After giving spectacular performances in movies like Article 15 and Mulk, Ayushmann Khurrana is back with yet another movie directing attention towards regional neglect. Anek is a Hindi language thriller Indian movie released on 27th May 2022. Anek is directed by Anubhav Sinha as well as is co-produced by T-series. let’s know more about Is Anek based on a real story.
The plot revolves around an undercover detective on a quest to bring peace to Northeast India. Through this Movie, director Anubhav Sinha has taken a brave step toward the revelation of the disturbing truth. Ayushmann Khurrana stars in a very political film that questions why people in particular sections of India must continuously demonstrate their devotion and worth to the country.
The Movie has various actors like Ayushmann Khurrana, Andrea Kevichusa, Manoj Pahwa, J.D. Chakravarthy, and Kumud Mishra. The Movie so far has received a lot of mixed critics.
Is Anek based on a Real Story?
An undercover cop’s clandestine story set against the geopolitical backdrop of Northeast India. A thriller about a rebellion or uprising. An Indian who desires nothing more than peace for the country. Joshua, a covert operative agent, is tasked with creating circumstances that will persuade the rebel leader Tiger Sangha to join the long-awaited peace treaty negotiations. Aida, a boxer whose dream is to get selected for the Indian national team, enters the plot.
On the surface, it follows Joshua/ Aman (Ayushmann Khurrana), an undercover agent whose mission is to bring the largest insurgent group, which engages in violence and drug trafficking, to the table for peace agreement. He accomplishes this by forming a fictitious rival organization called Johnson, but in the process, he discovers that another organization with the same name is quietly working to educate children, protect natural resources, and rehabilitate drug-addicted youth so that they are not reliant on the ‘mainland’ for jobs and rations.
Aman believes the government should speak to the people’s voice, but his boss, Abrar Butt (Manoj Pahwa), is more concerned with winning over the group that causes the most extraordinary chaos and bloodshed. Following in the footsteps of his political employer (Kumud Mishra), he is eager to share power with Tiger Sangha, the party’s leader (Loitangbam Dorendra). You chuckle at the mention of erecting a statue, making a surgical strike film, and deploying momos in a battle zone.
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On the other hand, Adio, a champion boxer, is determined to win a medal for her country despite being discriminated against due to her ethnicity. Why do we call girls like her Chinese when we can cheer for Adio in Indian colors? Long after the credits have rolled, the question persists in our minds.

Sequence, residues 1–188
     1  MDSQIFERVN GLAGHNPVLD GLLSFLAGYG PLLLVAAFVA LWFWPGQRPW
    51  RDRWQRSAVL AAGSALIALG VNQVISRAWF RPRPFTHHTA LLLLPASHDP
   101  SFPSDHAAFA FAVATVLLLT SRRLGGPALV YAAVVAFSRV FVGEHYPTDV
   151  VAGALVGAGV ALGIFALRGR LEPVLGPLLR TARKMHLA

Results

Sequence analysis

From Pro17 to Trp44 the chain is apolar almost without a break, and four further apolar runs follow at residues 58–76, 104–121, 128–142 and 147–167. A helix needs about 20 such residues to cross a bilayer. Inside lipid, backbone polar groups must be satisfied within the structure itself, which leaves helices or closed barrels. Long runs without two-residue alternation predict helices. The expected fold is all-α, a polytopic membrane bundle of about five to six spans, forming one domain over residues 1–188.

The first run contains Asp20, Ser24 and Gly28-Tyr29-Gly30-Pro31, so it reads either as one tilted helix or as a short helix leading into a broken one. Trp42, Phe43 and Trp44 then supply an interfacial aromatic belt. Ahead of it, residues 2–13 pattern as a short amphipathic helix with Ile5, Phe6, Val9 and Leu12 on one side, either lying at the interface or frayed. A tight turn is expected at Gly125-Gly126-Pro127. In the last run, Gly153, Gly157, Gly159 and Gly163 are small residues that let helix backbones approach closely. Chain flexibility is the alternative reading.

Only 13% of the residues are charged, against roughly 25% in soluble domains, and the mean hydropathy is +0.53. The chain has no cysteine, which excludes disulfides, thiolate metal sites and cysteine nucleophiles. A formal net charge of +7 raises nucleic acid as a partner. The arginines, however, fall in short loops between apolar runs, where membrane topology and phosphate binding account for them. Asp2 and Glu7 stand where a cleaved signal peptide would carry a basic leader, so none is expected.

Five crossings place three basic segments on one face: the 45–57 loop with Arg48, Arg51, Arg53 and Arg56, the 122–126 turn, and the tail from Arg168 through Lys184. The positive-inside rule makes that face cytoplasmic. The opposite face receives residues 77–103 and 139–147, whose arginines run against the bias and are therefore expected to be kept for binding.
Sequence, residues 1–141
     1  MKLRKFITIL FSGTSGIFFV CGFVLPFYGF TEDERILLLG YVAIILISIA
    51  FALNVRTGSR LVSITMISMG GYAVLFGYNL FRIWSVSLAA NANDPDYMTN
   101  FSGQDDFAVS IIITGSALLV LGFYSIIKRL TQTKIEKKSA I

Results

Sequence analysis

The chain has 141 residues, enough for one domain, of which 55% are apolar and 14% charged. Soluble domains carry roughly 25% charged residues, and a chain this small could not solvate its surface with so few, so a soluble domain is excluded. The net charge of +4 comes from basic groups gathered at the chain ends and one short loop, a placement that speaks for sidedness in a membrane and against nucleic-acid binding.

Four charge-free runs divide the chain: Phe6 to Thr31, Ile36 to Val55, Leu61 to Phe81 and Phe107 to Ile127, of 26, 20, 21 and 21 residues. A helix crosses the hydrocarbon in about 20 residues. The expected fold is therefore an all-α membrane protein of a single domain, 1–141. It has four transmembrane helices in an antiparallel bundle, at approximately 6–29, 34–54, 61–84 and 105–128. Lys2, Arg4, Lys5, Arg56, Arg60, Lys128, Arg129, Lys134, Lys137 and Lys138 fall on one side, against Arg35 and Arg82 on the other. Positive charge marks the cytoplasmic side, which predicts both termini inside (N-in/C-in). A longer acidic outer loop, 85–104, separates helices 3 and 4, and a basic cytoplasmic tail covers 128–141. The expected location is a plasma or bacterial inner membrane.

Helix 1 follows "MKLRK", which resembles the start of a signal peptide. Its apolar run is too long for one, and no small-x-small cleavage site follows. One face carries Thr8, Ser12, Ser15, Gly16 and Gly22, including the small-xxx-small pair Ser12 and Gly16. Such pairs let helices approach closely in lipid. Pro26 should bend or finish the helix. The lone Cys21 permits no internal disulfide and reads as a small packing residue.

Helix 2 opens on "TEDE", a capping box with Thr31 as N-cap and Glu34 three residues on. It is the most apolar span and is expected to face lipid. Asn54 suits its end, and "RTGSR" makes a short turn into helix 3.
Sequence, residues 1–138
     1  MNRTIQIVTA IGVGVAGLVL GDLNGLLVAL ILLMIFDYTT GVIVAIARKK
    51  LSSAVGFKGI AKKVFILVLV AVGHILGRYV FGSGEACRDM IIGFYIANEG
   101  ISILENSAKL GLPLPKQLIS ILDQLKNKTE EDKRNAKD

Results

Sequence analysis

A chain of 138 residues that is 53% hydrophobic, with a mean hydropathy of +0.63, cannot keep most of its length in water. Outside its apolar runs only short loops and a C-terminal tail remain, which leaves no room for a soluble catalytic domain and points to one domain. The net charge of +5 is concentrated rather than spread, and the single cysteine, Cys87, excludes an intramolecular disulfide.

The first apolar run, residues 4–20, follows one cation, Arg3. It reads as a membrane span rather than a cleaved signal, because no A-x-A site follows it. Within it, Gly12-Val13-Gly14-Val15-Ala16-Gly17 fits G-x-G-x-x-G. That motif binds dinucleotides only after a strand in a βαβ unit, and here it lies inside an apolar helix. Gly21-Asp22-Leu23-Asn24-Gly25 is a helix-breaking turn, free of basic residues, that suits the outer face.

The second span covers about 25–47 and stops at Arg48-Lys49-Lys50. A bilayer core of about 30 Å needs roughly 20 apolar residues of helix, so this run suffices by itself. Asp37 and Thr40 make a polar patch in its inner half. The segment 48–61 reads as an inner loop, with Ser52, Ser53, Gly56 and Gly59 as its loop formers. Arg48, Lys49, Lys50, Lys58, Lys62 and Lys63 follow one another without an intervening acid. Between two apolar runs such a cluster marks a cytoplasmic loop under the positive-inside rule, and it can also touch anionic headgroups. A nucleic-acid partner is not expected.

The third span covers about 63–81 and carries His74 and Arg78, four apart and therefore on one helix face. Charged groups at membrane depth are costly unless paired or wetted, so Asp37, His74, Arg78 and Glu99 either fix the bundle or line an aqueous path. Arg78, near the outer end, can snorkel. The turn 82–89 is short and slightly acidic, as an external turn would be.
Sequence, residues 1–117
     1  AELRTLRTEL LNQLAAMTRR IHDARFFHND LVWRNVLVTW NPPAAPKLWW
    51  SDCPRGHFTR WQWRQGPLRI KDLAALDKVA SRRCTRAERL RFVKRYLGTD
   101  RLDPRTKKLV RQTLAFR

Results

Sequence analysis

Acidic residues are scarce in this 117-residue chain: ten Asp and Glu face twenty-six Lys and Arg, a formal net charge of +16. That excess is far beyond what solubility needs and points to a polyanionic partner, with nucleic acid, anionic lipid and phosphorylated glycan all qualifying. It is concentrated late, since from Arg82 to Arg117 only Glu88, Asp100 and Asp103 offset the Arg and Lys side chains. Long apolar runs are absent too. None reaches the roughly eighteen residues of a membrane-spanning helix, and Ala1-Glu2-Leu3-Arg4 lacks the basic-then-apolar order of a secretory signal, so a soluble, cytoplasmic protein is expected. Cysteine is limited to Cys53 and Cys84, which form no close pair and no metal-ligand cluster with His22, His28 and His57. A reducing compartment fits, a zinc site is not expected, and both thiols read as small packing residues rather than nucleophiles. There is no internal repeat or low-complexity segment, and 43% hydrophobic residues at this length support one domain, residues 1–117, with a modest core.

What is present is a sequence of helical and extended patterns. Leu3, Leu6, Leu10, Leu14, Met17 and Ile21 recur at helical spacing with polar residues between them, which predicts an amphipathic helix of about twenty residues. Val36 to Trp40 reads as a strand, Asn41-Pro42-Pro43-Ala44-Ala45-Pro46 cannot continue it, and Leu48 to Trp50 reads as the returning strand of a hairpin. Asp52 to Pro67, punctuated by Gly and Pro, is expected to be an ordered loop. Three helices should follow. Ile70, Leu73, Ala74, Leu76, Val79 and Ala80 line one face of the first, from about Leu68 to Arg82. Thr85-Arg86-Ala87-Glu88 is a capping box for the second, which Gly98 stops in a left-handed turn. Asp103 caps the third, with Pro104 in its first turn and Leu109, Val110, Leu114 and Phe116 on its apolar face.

Review of the Movie
Anek is a very political film that examines why people in particular sections of the country must continuously demonstrate their love and worth for the country and echoes a section of the Northeast’s intense suspicion of Delhi. “Are we going after firearms while disregarding the shoulders?” questions the morally dubious protagonist.
Sinha isn’t searching for a foreign hand; instead, he wants to explore within. Sinha deftly unscrambles the politics of bravado, posing the question of whether we genuinely respect and celebrate the notion of India as envisioned in our Constitution.
The North East has largely escaped the attention of policymakers and Hindi cinema throughout the years. It has previously been rarely represented in popular movies, and when they have been represented, it’s mostly significantly underrepresented in Bollywood films. Apart from a stray Tango Charlie (2005), no mainstream Hindi film has explored insurgency in a portion of the country that did not enter a “happy marriage” with India in 1947, according to one of the characters in the film.
And Anubhav Sinha has opted to launch his latest conscience-pricking drama, Anek, in the neglected setting of Northeast India. Anek’s director, Anubhav Sinha, attempted to present peace as a subjective notion — peace for one does not inevitably result in peace for everyone.
Anek draws subtle comparisons between the Northeast and the rest of India through conversational dialogues and performances. His every dialogue hits the nail directly on the head; the ingenious juxtaposition of the North-eastern issue with the Kashmir one is yet another proof of his intelligence. Overall, everything about this movie is commendable. And we look forward to receiving more movies from Anubhav Sinha.
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